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Scotch gauge was the name given to a 4 ft 6 in (1,372 mm) track gauge, that was adopted by early 19th century railways mainly in the Lanarkshire area of Scotland. It differed from the gauge of 4 ft 8 in (1,422 mm) that was used on some early lines in England. Early railways chose their own gauge, but later in the century interchange of equipment was facilitated by establishing a uniform rail gauge across railways: a so-called 'standard gauge' of 1,435 mm (4 ft 8 1⁄2 in). In the early 1840s standard gauge lines began to be constructed in Scotland, and all the Scotch Gauge lines were eventually converted to standard gauge. Later, tram lines of Tokyo adopted this gauge in 1903.
Scottish railways built to Scotch gauge
A small number of early to mid 19th century passenger railways were built to Scotch gauge, they include:
- The Ardrossan and Johnstone Railway.
-  Length: 10 miles (16 km). Authorised on 20 July 1806 and opened on 6 November 1810;
- The Monkland and Kirkintilloch Railway.
-  Length: 10 miles (16 km). Authorised on 17 May 1824 and opened on 1 October 1826. The engineer was Thomas Grainger.
- The Ballochney Railway.
-  Length: 6.5 miles (10.5 km). Incorporated on 19 May 1826 and opened on 8 August 1828.
- The Edinburgh and Dalkeith Railway.
-  Authorised on 26 May 1826 and opened in part on 4 July 1831.
- The Garnkirk and Glasgow Railway.
-  Length: 8.25 miles (13.3 km). Incorporated on 26 May 1826 and ceremonially opened on 27 September 1831 for both passengers and goods. The engineers were Thomas Grainger and John Miller from Edinburgh.
- The Wishaw and Coltness Railway.
-  Length: 11 miles (17.7 km). Incorporated on 21 June 1829 and partially opened on 21 March 1834. The engineers were Thomas Grainger and John Miller from Edinburgh.
- The Slamannan Railway.
-  Length: 12.5 miles (20.1 km). Incorporated on 3 July 1835 and opened on 31 August 1840.
- The Paisley and Renfrew Railway.
-  Length: 3 miles (4.8 km). Authorised on 21 July 1835 and opened on 3 April 1837 for both passengers and goods. The engineer was Thomas Grainger. Converted to Standard Gauge 1866.
Other early 19th century Scottish gauges
4 ft 6½ in gauge
In addition to the above lines, there were three railways, authorised between 1822 and 1835, that were built in the Dundee area, to a gauge of 4 ft 6 1⁄2 in (1,384 mm). They were:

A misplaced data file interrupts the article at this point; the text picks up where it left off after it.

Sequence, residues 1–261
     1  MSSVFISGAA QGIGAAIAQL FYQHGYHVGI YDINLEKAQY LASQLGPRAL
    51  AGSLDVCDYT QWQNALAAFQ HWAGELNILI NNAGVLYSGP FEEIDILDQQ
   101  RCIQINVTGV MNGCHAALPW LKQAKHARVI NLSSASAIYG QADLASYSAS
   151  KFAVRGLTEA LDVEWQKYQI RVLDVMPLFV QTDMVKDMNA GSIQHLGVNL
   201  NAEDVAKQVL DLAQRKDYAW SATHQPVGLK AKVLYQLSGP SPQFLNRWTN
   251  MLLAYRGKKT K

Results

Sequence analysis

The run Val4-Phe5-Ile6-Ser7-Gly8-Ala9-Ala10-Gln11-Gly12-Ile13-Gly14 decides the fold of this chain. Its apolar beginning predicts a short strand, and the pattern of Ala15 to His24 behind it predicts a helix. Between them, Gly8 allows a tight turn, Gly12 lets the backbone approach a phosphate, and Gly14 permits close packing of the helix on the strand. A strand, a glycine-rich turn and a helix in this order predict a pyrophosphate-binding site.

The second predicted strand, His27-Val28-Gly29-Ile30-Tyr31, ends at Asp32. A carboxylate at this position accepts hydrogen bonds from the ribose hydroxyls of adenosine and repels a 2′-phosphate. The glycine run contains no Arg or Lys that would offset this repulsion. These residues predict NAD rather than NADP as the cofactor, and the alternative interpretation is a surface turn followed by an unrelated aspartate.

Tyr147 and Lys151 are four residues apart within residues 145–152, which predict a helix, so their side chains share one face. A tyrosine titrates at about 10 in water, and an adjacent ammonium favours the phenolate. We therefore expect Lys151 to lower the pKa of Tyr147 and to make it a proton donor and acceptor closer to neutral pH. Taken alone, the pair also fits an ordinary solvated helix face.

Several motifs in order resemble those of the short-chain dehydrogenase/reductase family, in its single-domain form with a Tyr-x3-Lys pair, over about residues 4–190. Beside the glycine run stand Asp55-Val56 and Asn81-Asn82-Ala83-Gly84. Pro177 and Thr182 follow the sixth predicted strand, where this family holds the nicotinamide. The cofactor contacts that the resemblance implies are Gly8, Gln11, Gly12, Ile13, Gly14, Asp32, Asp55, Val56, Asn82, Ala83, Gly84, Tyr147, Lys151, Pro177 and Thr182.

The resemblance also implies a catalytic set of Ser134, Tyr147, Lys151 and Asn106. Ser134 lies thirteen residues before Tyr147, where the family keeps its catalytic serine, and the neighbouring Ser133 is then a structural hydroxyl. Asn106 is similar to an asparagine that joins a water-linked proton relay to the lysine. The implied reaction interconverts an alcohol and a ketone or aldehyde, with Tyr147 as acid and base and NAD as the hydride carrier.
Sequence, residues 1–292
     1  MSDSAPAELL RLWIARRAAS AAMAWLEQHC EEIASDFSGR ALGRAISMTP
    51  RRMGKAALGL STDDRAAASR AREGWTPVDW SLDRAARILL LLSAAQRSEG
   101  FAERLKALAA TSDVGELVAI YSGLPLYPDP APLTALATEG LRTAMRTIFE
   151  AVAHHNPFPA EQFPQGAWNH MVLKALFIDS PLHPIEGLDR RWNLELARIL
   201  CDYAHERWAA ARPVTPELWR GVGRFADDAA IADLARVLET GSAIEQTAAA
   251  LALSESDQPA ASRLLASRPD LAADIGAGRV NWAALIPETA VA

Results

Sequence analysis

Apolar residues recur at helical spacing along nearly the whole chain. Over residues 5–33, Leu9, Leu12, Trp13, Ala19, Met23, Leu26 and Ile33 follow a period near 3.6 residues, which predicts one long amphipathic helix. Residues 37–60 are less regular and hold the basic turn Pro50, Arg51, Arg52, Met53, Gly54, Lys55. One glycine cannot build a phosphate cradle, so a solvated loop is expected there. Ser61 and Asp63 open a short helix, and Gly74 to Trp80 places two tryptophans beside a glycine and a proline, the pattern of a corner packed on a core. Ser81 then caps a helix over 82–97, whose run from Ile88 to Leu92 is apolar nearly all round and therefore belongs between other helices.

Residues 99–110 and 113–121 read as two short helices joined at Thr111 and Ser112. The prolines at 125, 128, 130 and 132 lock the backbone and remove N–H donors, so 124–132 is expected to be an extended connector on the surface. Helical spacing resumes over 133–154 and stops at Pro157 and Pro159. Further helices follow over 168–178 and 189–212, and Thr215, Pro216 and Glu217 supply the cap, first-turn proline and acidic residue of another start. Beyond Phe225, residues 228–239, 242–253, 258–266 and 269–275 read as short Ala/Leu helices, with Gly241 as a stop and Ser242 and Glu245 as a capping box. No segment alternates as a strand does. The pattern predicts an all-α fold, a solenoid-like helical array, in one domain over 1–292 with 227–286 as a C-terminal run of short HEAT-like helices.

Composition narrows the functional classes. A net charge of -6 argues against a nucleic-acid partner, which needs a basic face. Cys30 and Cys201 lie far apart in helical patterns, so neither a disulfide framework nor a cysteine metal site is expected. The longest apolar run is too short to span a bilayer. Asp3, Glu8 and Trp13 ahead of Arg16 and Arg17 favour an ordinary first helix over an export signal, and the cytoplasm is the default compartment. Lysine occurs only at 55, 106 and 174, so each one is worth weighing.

5 ft 6 in gauge
Grainger and Miller built another two railway lines in the same area to a gauge of 5 ft 6 in (1,676 mm), (Indian gauge). Thomas Grainger is said to have chosen this gauge, since he regarded standard gauge as being too narrow and Isambard Kingdom Brunel's 7 ft 1⁄4 in (2,140 mm) broad gauge as being too wide. They were:
- The Dundee and Arbroath Railway;
-  Length: 14.5 miles (23 km). Incorporated on 19 May 1836 and opened in part in October 1838.
- The Arbroath and Forfar Railway.
-  Length: 15 miles (24 km). Incorporated on 19 May 1836 and opened in part on 24 November 1838.
End of Scotch gauge
The Glasgow, Paisley, Kilmarnock and Ayr Railway and the Glasgow, Paisley and Greenock Railway, which both obtained Parliamentary Approval on 15 July 1837 and were later to become part of the Glasgow and South Western Railway and the Caledonian Railway, respectively, were built to standard gauge from the start.
Use in Japan
After the end of Scotch gauge in Britain, the gauge revived in Japan. Since 1903, most of tram network in Tokyo was built with 4 ft 6 in (1,372 mm) rail gauge, called "coach gauge" (馬車軌間 Basha Kikan?). The use of this gauge extended to other suburban lines that projected through services to the city tram. Although Tokyo has abolished its major tram network, as of 2009, the following lines still use this gauge:
- The Keiō Line and its branches (excluding the Inokashira Line).
-  Length: 72.0 km (44.7 mi). Commuter railways connecting Tokyo and its suburb operated by Keio Corporation.
- The Toei Shinjuku Line.
-  Length: 23.5 km (14.6 mi). One of rapid transit lines in Tokyo built to provide through service with the Keiō Line.
- The Toden Arakawa Line.
-  Length: 12.2 km (7.6 mi). Only surviving line of Tokyo municipal tram.
- The Tōkyū Setagaya Line.
-  Length: 5.0 km (3.1 mi). Another tram line in Tokyo operated by Tokyu Corporation.
- The Hakodate City Tram.
-  Length: 10.9 km (6.8 mi). Only user of the gauge out of Greater Tokyo Area.
- Former operators.
-  The Keisei Electric Railway converted to 1,435 mm (4 ft 8 1⁄2 in) standard gauge in 1959.
- Whishall (2nd Edition)
- Awdry (1990)
- Robertson (1983)
- Tetsudō Yōran
- Awdry, Christopher (1990). Encyclopaedia of British Railway Companies. London: Guild Publishing.
- Robertson, C.J.A. (1983). The Origins of the Scottish Railway System: 1722-1844. Edinburgh: John Donald Publishers. ISBN 0-85976-088-X.
- Thomas, John (1971). A Regional History of the Railways of Great Britain. Volume 6 Scotland: The Lowlands and the Borders. Newton Abbott: David & Charles. ISBN 0-7153-5408-6.
- Popplewell, Lawrence (1989). A Gazetteer of the Railway Contractors and Engineers of Scotland 1831 - 1870. (Vol. 1: 1831 - 1870 and Vol. 2: 1871 - 1914). Bournemouth: Melledgen Press. ISBN 0-906637-14-7.
- Whishaw, Francis (1842). The Railways of Great Britain and Ireland practically described and illustrated. Second Edition. London: John Weale. Reprinted and republished 1969, Newton Abbott: David & Charles. ISBN 0-7153-4786-1.
- Tetsudō Kyoku, Ministry of Land, Infrastructure, Transport and Tourism (2008). Tetsudō Yōran (Heisei 20 Nendo) (in Japanese). Tokyo: Denkisha Kenkyūkai. ISBN 978-4-88548-112-3.